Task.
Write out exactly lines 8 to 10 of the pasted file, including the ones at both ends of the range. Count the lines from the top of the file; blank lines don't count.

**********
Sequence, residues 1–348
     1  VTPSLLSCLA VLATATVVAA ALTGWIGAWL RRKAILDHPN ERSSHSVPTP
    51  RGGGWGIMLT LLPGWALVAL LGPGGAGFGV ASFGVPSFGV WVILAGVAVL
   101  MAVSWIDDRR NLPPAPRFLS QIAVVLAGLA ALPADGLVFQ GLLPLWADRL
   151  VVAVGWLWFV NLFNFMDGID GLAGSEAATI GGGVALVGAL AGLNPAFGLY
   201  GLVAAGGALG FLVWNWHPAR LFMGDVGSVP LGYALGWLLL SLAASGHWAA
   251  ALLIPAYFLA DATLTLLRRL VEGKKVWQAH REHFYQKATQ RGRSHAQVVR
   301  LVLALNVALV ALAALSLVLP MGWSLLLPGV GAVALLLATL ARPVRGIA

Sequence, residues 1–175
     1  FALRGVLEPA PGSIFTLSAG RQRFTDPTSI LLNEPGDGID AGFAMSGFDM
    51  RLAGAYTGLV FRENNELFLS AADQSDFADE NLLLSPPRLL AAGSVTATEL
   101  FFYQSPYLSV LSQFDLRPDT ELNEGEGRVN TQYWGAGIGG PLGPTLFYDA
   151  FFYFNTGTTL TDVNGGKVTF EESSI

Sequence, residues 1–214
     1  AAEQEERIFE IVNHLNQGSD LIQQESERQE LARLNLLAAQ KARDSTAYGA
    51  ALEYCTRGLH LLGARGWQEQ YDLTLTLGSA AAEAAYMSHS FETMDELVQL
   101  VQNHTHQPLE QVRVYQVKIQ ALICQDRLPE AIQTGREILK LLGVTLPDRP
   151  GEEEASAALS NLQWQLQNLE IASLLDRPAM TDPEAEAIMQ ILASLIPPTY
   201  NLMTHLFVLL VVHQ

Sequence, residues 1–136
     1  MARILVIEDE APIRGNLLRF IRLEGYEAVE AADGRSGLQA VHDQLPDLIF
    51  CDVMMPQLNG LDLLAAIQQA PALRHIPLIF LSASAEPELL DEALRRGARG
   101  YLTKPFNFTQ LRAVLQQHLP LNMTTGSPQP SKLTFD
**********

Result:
   301  LVLALNVALV ALAALSLVLP MGWSLLLPGV GAVALLLATL ARPVRGIA

Sequence, residues 1–175
     1  FALRGVLEPA PGSIFTLSAG RQRFTDPTSI LLNEPGDGID AGFAMSGFDM